Guys & Dolls


Is it nature or is it nurture?  The debate on why little boys and little girls are so different from each other has raged since the beginning of time.  I have solved this debate, at least for myself, because I am here to tell you, it is definitely nature in this house.  When my kids were little, I eavesdropped a-plenty, sometimes wittingly, sometimes not, during playtimes with their friends.  I remember Alex, my middle child, and a younger boy, Jared, who rode in our carpool, on the drive to preschool.  At that age (about 4), they were definitely not social geniuses…they were, after all, boys.  Their chief pasttime in the car on the way to preschool was telling jokes.  Jokes like this …and then the firetruck went down the street and ran into a house … HAHAHAHAHAHAHAHAHA … and then the firetruck ran into a store … HAHAHAHAHAHAHAHAHA … and then it jumped up on top of a house and crashed into the ground … HAHAHAHAHAHAHAHAHAHAHAHAHAHAHAHAHA … and on and on, all the way to preschool.  It was one of those moments that make you say, HUH???  So this is what it is to be a little boy?  I did not grow up with boys and had no idea their jokes were this bad.

I first realized how innate “man genes” were shortly after Daniel was born.  Alex was 4, and I asked him to sit by Daniel to keep him happy while I cooked dinner (dinnertime was what I referred to then as the bewitching hour, when all babies get mad as hell and you’re trying to get dinner on the table).  They were watching tv and Daniel started screaming.  After several failed attempts with the pacifier, Alex gave up, reached over and cranked up the volume on the tv.  It struck me then what I was in for with all these “men” in the house.

In Alex’s world, action figures did not appeal to him.  He preferred to be the action figure.  Oh, we bought the latest Power Ranger or whatever character was hot at the moment, and he spent about two minutes trying to figure out what to do with it, then ditched it for something better.  These figures were, as my brother-in-law once pointed out, dolls.  Really ugly dolls, but dolls nonetheless.  Alex didn’t play with dolls, even ugly ones, so we finally learned to stop wasting our money on them and save it for the important things, like trucks (particularly firetrucks) and cars and car tracks, and about two billion Legos.  He was, in fact, a most accomplished Lego-maniac, building adeptly by diagram or freestyle.  Oh, and I can’t forget the guns, swords and ninja things.  He and his friends donned ninja garb and, well, did ninja things.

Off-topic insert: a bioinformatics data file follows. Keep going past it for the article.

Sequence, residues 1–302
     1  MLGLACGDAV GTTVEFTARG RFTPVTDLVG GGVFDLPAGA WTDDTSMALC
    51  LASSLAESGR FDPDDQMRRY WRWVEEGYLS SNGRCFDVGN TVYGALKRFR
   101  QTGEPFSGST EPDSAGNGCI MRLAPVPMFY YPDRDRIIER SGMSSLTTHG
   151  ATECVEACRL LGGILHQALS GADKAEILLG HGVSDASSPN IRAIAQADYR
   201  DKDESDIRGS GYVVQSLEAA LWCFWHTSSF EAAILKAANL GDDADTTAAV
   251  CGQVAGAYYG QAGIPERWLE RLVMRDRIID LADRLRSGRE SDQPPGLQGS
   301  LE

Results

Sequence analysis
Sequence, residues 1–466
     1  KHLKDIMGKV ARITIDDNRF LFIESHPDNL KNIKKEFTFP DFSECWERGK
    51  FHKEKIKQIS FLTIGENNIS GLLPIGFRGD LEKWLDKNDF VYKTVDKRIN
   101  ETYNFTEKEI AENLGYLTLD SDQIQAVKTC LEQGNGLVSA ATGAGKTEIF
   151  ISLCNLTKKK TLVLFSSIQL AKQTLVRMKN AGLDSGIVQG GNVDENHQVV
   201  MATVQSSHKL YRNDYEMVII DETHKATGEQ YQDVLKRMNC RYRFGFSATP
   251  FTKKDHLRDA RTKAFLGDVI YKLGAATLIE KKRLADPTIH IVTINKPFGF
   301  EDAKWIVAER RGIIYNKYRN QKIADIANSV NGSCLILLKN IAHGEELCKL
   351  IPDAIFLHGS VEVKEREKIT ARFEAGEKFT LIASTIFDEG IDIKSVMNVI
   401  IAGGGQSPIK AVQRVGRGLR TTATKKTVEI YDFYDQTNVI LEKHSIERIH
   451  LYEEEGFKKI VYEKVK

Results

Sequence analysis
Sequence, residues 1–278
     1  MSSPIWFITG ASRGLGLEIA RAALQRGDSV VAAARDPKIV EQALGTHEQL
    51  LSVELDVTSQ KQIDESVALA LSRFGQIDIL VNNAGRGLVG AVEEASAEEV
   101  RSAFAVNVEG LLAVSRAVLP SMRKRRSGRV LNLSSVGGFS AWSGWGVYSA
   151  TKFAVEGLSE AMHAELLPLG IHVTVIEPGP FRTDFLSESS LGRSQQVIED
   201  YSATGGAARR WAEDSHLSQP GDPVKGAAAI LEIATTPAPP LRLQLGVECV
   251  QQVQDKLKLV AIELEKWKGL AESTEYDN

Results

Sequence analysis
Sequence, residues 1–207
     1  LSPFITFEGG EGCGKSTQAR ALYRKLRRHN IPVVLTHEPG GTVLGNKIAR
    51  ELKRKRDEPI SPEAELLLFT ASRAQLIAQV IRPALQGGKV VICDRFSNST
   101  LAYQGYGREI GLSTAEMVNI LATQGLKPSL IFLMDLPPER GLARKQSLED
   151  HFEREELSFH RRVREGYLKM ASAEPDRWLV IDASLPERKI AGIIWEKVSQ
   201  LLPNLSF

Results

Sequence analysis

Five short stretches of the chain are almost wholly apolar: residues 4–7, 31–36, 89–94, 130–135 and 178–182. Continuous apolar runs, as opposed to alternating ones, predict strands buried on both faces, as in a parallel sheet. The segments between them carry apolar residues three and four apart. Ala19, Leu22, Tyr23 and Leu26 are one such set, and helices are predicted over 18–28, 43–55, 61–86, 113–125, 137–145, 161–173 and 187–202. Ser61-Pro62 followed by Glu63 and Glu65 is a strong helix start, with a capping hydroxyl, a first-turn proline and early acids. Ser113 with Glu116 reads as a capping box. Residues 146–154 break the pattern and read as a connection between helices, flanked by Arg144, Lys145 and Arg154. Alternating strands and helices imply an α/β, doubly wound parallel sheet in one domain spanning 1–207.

Prior to this time, I did not know much about little boys.   My experience was with little girls, little girls who WERE social genuises, or at least master manipulators.  My daughter, Sara, and her friends lived in a world of make-believe.  Their encounters were reenactions of real-life drama, and the sparring was more subtle.  My daughter, accustomed to having her way in pretend-land at home, occasionally encoutered resistance from like-minded little girls also accustomed to having their way in pretend-land at their homes.  The interaction went mostly like this:  One of them would say I’ll be the mommy (or the teacher), and you will be the baby, or doggy, or whatever character they deemed had significantly less status than the mommy or the teacher.  (In my daughter’s world, no one had more social status than a mother or teacher!  I am dang sure missing those days!!!)  Anyway, sometimes the girls all played along, and sometimes the real drama would begin.  One of Sara’s friends, Jordan, quite frequently became angry and stood stockstill, with her back to everyone, refusing to play until she got her way … only rarely did she get her way, as my daughter can dig her heels in with the best of them (still!).  It mostly depended on how bad Sara wanted to play.  If she wanted to, she gave in, and the play would continue.  If she didn’t, Jordan got tired of imitating a statue and stomped home.  (See 2nd sentence, this paragraph, re master manipulators…).

Sara also loved the Barbies.  She had many, many Barbies.  Her little friends would bring over their Barbies, and before you knew it, buxomous Barbies were scattered everywhere, and little Barbie clothes, and eensy weensy Barbie shoes (much like Sara’s room today, only it’s her clothes and shoes everywhere).  The same kind of scenario would take place … whose Barbie got to be the mommy or the teacher would precede the play.  It was a while before they graduated to thinking about dating and going out with Ken.  In fact, Ken was never really big at my house.  I mean, come on, the guy had plastic hair, and they were just too young to care about his rock-hard abs… 

I used to encourage my husband to play with Sara.  He also doesn’t get the doll thing, but of course, Sara wanted to play Barbies.  I walked into Sara’s room one day, where Dad’s Barbie was repeatedly diving off the bed, bashing her head into the floor and making man-screaming noises.  Not pretty, but Daddy was trying!